It has been great to have such authorities look over the plant and give me their valued opinions, although at present I still feel that there has not been any satisfactory outcome. The photos have been checked and double checked, the features have been measured, its denticulation patterns used purely as a supportive role gave a "helleborine" pattern returned, the geographical have all been considered.

I have decided to go along with "helleborine" species although obviously its a new rare variant. I don't think for one minute it is a "one off" because there have been two others in its close proximity which although very frail and weak (and one did not flower in 2016) but the other is possible of this same variety. Thankfully when the plant was receeding I did manage to get its leaf (under permit) and this will be sent off for possible DNA analysis. In the meantime for my reference I will go with Epipactis Helleborine var: Westmorlandii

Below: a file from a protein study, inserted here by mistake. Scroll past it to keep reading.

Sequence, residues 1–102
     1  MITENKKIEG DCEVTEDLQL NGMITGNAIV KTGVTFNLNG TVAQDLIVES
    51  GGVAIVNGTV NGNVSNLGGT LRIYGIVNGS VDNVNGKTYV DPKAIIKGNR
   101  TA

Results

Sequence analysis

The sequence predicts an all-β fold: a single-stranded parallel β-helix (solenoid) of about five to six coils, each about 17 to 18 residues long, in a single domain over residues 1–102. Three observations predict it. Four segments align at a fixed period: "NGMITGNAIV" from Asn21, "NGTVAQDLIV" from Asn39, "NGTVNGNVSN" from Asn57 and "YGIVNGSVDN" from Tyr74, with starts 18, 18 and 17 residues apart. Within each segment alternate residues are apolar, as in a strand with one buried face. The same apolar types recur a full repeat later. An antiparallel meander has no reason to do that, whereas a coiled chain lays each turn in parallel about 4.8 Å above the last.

Mystery Plant on Burton Fell, Hutton Roof Crags (Cumbria Wildlife Reserve)
            First photograph of the plant showing the flowers and this is what started the interest of which there has been and still is much interest (names have been removed for this document)

For two years prior to 2016 it was suggested that the plant could have been Epipactis Phyllanthes (var: probably pendula) and this is how it was recorded for the past three years.

I was happy with the diagnosis of Phyllanthes, until R****** kindly sent me his photo of the Cilia of the leaf edges of the plant which straight away made alarm bells ring out for me and this ensued to make me feel unsure of the plant being Phyllanthes. I felt that the photo which R****** sent me was of Epipactis Helleborine and could not interpret any similarity to Phyllantes. I also did manage to take a photo of the cilia which again confirmed for me E. Helliborine.  Here I am showing R***** photo and also the lovely examples I were given years ago by M****** and also more photos of denticulation by S*** and both these examples show what the Cilia should look like.

First of all here is R****** sample from the actual plant: